• Raiden asks Blade Wolf about some of the crazy gibberish the AI Colonel in MGS2 was spouting: they come to the conclusion that Gubayama might've been a sumo wrestler based on the "yama" part of the name, but who or what Shibomnigee is is lost on them. He's also revealed in a call with Doktor to have read up quite a bit on AI and what determines them to be truly intelligent after his "memorable" chats with the AI Colonel.
    • When battling Gekko, QTEs can allow Raiden to pull off some of the moves he used to kill them in cutscenes during MGS4.
  • Canine Companion: Blade Wolf accompanies you on a number of missions to scout ahead and advise you over codec.
  • Casting Gag: Monsoon is not the first cyborg to be voiced by Masashi Ebara, extra hilarity being that the other was named Raiden.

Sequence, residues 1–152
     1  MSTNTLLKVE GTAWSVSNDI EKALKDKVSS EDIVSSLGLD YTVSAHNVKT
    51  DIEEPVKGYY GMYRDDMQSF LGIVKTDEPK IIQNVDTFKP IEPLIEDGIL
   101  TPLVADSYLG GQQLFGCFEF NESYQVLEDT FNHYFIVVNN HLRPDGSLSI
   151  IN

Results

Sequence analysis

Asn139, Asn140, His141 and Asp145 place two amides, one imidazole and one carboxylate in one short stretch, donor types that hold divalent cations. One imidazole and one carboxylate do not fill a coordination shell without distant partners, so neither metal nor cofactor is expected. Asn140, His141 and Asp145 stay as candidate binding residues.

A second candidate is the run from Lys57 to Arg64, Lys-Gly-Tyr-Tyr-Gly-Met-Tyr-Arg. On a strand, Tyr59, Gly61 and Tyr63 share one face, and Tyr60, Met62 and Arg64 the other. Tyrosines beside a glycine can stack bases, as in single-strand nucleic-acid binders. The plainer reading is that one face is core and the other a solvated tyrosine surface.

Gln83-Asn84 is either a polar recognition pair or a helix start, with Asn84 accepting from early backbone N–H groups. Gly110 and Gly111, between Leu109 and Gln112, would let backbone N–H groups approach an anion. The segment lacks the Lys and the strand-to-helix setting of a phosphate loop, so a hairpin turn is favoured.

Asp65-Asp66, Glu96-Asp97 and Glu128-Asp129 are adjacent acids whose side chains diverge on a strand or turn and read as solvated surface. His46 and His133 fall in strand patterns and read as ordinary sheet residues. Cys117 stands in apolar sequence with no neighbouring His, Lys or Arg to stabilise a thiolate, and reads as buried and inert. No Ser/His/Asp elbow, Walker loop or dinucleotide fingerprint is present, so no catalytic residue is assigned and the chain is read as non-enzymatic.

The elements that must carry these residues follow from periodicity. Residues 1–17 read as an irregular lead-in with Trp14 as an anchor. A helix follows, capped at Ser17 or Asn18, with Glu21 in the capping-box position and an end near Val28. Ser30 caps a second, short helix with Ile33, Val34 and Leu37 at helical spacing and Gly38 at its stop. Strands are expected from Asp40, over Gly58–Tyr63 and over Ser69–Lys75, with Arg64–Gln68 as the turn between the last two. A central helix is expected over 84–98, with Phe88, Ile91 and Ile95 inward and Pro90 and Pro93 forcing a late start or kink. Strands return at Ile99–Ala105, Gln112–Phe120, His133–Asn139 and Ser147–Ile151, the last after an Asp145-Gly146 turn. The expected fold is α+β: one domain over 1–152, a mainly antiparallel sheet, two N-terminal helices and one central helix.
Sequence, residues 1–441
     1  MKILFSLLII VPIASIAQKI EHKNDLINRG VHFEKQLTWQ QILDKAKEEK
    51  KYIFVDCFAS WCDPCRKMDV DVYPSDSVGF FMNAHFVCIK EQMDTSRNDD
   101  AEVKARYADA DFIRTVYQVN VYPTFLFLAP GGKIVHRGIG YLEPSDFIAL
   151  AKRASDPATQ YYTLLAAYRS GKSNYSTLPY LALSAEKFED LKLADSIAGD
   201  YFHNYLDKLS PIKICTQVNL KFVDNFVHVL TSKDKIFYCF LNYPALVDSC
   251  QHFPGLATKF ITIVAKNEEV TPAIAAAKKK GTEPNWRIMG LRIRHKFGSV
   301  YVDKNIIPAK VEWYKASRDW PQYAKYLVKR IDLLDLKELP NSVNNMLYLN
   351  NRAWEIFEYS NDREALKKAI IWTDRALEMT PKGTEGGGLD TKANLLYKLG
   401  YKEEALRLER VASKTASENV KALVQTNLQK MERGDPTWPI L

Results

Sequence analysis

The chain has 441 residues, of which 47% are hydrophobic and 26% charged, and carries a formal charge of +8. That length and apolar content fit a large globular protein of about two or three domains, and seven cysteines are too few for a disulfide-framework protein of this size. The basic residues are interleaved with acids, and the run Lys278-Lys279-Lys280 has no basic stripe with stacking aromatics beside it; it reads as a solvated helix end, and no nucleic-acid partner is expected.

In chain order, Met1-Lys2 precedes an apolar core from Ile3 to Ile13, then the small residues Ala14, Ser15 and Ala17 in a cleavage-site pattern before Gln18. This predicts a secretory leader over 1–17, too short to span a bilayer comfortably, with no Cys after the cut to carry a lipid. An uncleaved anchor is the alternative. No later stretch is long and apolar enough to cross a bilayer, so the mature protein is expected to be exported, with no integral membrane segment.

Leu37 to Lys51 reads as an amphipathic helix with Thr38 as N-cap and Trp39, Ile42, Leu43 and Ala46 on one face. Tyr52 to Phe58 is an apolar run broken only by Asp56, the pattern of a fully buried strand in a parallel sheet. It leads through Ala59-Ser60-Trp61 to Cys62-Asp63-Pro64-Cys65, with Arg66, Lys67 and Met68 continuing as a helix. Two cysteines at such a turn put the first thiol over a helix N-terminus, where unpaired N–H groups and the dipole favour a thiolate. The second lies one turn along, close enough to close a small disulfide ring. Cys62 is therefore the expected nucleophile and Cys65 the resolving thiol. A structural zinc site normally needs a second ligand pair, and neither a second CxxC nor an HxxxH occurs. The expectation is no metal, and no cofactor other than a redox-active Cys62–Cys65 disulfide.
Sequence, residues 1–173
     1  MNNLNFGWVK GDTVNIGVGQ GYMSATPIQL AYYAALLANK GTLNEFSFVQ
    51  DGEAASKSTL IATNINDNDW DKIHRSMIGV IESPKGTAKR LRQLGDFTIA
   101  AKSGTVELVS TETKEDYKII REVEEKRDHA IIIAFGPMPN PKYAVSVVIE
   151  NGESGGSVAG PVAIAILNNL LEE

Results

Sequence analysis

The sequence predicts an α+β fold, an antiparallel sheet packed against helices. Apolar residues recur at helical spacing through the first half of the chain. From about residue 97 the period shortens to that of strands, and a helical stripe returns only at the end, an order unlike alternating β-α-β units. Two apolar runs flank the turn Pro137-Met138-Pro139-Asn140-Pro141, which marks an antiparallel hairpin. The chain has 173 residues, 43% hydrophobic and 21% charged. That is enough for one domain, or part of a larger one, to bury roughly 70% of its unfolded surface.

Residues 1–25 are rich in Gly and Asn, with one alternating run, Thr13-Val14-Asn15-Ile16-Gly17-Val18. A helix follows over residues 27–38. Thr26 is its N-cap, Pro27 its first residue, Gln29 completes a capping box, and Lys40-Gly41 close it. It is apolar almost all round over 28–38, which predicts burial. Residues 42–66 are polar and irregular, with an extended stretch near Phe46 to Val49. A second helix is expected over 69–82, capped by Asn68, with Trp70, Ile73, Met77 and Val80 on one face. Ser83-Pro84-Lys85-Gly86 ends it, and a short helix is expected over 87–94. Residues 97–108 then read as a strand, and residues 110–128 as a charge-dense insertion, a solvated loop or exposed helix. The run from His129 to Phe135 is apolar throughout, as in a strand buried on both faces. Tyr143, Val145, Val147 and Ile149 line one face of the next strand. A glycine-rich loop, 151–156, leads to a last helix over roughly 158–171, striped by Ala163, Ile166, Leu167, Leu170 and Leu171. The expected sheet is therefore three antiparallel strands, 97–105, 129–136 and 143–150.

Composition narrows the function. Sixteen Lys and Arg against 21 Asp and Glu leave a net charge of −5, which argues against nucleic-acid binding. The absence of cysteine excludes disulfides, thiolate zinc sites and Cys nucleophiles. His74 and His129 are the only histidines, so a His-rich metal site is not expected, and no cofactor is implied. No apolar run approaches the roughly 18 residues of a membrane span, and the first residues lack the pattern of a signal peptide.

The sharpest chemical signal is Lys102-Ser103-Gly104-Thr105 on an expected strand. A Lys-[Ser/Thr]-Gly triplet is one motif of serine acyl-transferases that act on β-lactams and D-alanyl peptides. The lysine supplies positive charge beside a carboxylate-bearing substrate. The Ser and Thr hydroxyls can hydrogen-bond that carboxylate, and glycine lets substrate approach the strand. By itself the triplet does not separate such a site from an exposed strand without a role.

• Central Theme: This game is a love letter to the themes of nearly all MGS games, so there are a few of them that weave together.
    • The driving conflict behind Raiden's character development is the question of when it's OK to ignore rules in the pursuit of justice. Raiden does this through his Jack the Ripper persona, and explores the issue similarly to Big Boss in Metal Gear Solid 3: Snake Eater and Metal Gear Solid: Peace Walker.
    • invokedMimesis was a very important theme in Metal Gear Solid 2, and returns here: it's questioned how much worth Raiden had if he didn't have any control over his own destiny, as his ideals and ideas were governed by others, thus questioning the accuracy of "free will."
    • The core theme at the heart of the story is whether or not the strong should use their strength to protect those weaker than themselves, or to ruthlessly exploit their power for their own gain, or as Armstrong puts it, "Purge the Weak."
  • Changing of the Guard: From Snake to Raiden. From a thematic standpoint, Snake left the world behind at just the right time, as warfare and soldiers within it were evolving to a point that even his enhanced genetics could no longer handle. By passing on the mantle to Raiden, he leaves behind a successor who stands a chance in the new world.